Mexico’s challenges in the energy transition are substantial. On the one hand, it has a heavy reliance on energy imports; a long way to go in terms of infrastructure development. However, it also has enormous renewable energy resources; therefore a vast potential for leadership in this regard, experts agreed during a forum organized by the Mexican Petroleum Congress.
On Wednesday, industry experts met on a digital forum organized by the Mexican Petroleum Congress (MPC). This is the most important energy industry summit in Mexico. As a preamble for the summit itself, scheduled for November 17th, the MPC arranged a forum to discuss the energy transition in Mexico.
Firstly, the country has a heavy reliance on natural gas from the United States. According to the Energy Information Administration, in June 2021, Mexico imported more than 7 billion cubic feet per day (Bcfd). Which accounted for about 74% of its total supply.
“The huge reliance of Mexico upon natural gas from the U.S. creates a lot of fragilities; to that, we must add lacking infrastructure and also a poor regulatory framework in terms of methane emissions and flaring. Consequently, a thorough debate is needed in Mexico. We must talk about public policy as a platform for the energy transition in Mexico.” Said Isabelle Russeau, academic from Colmex.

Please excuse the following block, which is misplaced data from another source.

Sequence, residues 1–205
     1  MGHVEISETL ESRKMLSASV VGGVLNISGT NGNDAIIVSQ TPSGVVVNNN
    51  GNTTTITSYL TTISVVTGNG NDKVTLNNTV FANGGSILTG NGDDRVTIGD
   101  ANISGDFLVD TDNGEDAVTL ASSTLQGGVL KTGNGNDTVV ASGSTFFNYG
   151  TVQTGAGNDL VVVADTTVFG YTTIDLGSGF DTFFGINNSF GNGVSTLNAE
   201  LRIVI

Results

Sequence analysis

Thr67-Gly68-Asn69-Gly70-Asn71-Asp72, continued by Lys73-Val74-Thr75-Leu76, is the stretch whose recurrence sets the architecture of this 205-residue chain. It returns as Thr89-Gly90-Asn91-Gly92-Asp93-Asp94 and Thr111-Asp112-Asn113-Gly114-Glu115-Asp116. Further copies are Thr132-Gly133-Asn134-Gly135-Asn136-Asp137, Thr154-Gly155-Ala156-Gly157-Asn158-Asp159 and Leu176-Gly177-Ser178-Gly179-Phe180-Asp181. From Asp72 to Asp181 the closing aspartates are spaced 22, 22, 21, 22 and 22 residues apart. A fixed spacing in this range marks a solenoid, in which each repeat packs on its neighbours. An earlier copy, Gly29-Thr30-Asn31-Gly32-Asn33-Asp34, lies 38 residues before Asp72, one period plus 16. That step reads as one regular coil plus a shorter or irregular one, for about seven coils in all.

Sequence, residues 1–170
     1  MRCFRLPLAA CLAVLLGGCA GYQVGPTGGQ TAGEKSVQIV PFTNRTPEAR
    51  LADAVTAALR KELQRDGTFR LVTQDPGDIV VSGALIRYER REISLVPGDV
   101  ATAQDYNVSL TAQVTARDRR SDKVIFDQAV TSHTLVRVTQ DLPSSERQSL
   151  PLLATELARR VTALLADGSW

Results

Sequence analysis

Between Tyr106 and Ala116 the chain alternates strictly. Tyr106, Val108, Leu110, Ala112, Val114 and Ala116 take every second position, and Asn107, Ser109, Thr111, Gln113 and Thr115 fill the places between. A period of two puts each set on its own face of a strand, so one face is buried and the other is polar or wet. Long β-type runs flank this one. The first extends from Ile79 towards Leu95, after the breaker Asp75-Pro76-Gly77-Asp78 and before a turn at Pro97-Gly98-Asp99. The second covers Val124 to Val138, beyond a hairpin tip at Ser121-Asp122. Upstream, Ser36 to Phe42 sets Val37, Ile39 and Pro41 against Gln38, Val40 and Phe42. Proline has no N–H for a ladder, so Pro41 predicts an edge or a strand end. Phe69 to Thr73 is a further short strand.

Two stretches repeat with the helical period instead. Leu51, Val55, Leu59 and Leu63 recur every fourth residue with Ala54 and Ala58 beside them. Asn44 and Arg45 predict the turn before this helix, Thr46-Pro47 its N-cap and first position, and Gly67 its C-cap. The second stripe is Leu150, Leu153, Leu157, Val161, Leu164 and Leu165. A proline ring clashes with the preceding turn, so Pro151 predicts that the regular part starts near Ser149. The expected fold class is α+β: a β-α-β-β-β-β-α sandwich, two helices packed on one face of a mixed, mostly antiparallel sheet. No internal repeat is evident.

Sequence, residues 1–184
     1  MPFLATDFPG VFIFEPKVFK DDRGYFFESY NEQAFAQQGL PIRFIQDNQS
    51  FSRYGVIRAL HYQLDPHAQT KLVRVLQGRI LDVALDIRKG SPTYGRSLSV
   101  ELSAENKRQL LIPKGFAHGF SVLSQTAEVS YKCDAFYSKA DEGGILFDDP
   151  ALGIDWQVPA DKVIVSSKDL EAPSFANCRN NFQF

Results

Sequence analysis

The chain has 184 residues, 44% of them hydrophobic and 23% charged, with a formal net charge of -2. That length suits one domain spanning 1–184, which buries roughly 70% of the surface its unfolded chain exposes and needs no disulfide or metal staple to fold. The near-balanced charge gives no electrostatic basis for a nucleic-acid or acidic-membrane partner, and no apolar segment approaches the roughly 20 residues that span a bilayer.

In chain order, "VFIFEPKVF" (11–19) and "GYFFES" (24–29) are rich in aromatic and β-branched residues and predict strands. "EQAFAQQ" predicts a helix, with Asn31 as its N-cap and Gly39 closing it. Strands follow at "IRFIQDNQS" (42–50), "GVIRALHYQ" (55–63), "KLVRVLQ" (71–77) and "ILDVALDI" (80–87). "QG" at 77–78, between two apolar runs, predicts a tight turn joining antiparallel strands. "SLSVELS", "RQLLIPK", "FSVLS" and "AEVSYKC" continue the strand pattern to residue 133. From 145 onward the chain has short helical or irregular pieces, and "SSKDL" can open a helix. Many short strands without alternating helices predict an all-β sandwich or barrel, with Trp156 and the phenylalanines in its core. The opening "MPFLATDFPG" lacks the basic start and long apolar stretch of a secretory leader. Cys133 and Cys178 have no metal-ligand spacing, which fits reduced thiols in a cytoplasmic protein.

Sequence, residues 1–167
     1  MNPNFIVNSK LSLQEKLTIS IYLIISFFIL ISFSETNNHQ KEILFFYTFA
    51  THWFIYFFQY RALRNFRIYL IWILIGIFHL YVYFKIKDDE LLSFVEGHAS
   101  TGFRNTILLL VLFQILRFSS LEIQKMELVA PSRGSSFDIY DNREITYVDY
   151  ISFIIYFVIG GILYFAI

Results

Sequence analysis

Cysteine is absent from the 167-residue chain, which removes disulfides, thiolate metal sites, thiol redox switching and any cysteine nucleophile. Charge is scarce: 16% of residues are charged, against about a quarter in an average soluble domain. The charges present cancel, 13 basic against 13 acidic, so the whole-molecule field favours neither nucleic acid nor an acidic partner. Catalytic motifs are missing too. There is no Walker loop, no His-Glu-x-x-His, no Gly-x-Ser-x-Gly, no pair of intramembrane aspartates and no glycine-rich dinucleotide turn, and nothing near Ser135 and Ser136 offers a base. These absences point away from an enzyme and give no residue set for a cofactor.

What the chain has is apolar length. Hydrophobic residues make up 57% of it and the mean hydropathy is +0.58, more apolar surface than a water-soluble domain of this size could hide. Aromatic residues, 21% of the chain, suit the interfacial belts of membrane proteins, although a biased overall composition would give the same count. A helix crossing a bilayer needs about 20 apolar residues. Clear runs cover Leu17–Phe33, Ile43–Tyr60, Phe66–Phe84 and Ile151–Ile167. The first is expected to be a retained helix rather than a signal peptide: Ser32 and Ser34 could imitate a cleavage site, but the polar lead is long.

Moreover, the expert noted that the oil and gas industry in Mexico needs to toughen its ESG initiatives; needs a new and better relationship with the surrounding communities in which a certain asset might be working; also, a partnership with the government to further advance sustainability frameworks.
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Mexico’s potential on CCUS
In contrast, Ms. Russeau noted the vast potential of Mexico in geothermal energy. “Mexico should be a world leader in geothermal energy. The resources exist.” Indeed, Mexico is the fourth country in the world with the most geothermal energy installed capacity. Currently, Mexico produces around 958MW from such a source. However, that’s only a small fraction of the potential it has.
According to the expert, Mexico has theoretically 13 billion megawatts of geothermal energy. Only 10% of such an amount would be equal to all of the U.S. energy needs.
On the other hand, Mr. Fernando Rodriguez de la Garza, a consultant from Trigen Energy Project Development, noted that Mexico has a vast potential in carbon capture. He pointed out that carbon capture efforts in Mexico are not new. In fact, with a framework established back in 2014, in 2016 several opportunities for capturing CO2 on Pemex’s operations were identified.
Particularly, the export said that, through oxy-combustion and enhanced oil recovery using injected CO2, Mexico could be adding 97,000 barrels per day of oil, generating 800 MW of clean energy and avoiding 5,5 million tons of CO2 per year.
Finally, Jazmin Mota Nieto, and Erwin Fritz, engineers also participants of the Forum, shared some insights on the pathway in Mexico for the energy transition. “There’s a lot to do indeed,” they agreed. Noting also the need for the government to act and get involved.